Feudal society

Depiction of socage on the royal demesne in feudal England, ca. 1310 The phrase "feudal society" as defined by Marc Bloch[8] expands on the definition proposed by Ganshof and includes within the feudal structure not only the warrior aristocracy bound by vassalage, but also the peasantry bound by manorialism. Thus the entire society from top to bottom is bound by feudalism.

History of feudalism

Feudalism traditionally emerges as a result of the decentralization of an empire. This was particularly the case within the Japanese and Carolingian (European) empires which both lacked the bureaucratic infrastructure necessary to support cavalry without the ability to allocate land to these mounted troops. Mounted soldiers began to secure a system of hereditary rule over their allocated land and their power over the territory came to encompass the social, political, judicial, and economic spheres as well.[13]

These acquired powers significantly reduced the presence of centralized power in these empires. Only when the infrastructure existed to maintain centralized power as with the European monarchies did Feudalism begin to yield to this new organized power and eventually disappear.[13]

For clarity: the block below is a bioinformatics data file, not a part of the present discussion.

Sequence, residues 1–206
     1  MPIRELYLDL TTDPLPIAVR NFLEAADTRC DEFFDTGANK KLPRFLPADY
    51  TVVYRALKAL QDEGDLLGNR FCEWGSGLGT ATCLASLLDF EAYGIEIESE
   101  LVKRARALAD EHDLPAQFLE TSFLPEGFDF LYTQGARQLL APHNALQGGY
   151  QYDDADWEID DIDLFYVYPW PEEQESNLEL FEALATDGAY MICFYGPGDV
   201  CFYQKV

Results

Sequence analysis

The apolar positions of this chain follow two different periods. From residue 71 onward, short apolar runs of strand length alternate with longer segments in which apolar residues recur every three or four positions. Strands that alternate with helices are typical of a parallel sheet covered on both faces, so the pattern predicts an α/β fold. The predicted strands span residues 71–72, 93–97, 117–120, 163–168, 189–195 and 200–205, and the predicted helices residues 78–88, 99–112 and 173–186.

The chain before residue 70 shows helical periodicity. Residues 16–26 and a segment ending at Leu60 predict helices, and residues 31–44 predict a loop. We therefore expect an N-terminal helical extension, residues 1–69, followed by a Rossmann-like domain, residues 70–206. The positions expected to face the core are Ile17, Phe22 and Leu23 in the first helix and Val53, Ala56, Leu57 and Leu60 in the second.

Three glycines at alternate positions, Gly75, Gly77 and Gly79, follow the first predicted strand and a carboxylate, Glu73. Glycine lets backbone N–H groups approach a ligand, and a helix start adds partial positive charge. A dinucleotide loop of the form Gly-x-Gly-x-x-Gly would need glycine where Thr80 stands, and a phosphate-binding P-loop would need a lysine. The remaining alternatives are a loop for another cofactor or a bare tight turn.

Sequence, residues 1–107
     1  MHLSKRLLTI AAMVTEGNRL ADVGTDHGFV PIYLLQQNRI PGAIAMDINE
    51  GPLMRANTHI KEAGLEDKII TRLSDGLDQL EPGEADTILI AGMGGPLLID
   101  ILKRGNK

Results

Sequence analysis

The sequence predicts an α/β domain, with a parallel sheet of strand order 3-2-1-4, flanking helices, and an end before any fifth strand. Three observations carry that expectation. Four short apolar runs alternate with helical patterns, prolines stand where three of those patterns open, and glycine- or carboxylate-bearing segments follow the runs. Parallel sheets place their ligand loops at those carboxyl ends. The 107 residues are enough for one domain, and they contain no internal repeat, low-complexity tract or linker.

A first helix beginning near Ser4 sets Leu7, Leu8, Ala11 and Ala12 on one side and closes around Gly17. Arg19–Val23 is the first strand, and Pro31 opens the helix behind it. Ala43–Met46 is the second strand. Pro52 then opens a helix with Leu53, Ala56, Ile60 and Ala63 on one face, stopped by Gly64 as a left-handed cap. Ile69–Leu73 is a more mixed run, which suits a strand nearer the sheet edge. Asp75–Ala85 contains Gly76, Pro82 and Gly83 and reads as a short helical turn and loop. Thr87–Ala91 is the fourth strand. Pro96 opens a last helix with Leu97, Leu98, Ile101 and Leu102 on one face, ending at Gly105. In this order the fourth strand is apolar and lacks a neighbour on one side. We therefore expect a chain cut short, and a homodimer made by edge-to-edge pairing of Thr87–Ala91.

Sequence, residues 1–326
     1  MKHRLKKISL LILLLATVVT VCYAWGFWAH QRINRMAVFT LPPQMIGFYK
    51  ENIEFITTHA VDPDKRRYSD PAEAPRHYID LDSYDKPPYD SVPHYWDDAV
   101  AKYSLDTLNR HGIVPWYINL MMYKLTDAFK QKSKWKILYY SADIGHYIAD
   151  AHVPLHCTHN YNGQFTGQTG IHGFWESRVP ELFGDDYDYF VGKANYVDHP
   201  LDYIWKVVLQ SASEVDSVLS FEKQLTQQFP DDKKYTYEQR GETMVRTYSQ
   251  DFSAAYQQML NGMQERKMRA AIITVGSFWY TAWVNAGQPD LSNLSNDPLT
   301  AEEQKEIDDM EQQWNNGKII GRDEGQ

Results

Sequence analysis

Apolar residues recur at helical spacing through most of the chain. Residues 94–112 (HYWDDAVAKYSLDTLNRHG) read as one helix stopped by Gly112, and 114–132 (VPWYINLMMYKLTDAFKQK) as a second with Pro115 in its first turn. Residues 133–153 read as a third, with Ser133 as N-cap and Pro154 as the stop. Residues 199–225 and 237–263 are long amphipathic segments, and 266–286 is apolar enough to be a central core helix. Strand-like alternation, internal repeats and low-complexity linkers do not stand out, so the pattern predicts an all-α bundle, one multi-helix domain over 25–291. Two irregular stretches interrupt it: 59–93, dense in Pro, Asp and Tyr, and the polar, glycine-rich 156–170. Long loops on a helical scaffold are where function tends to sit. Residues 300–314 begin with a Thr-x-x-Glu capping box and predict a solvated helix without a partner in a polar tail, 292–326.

Etymology

The term feudalism is recent, first appearing in French in 1823, Italian in 1827, English in 1839, and in German in the second half of the nineteenth century.[14] It derived from "feodal" which was used in seventeenth-century French legal treatises (1614)[15][16] and translated into English legal treatises as "feodal government". In the 18th century Adam Smith popularized the forms "feudal government" and "feudal system" in his book Wealth of Nations (1776).[14] In the 19th century the adjective "feudal" (i.e. "the feudal government") evolved into a noun: feudalism.[14]

The term "feudal" or "feodal" is derived from the medieval Latin word feodum. The etymology of feodum is complex with multiple theories, some suggesting a Germanic origin (the most widely held view) and others suggesting an Arabic origin. Initially in medieval Latin European documents, a land grant in exchange for service was called a beneficium (Latin).[17] Later, the term feudum, or feodum, began to replace beneficium in the documents.[17] The first attested instance of this is from 984, although more primitive forms were seen up to one-hundred years earlier.[17] The origin of the feudum and why it replaced beneficium has not been well established, but there are multiple theories, described below.[17]

The most widely held theory is put forth by Marc Bloch.[17][18][19] Bloch said it is related to the Frankish term *fehu- d, in which *fehu means "cattle" and - d means "goods", implying "a moveable object of value."[18][19] When land replaced currency as the primary store of value, the Germanic word *fehu- d replaced the Latin word beneficium.[18][19] This Germanic origin theory was also shared by William Stubbs in the nineteenth century.[17][20]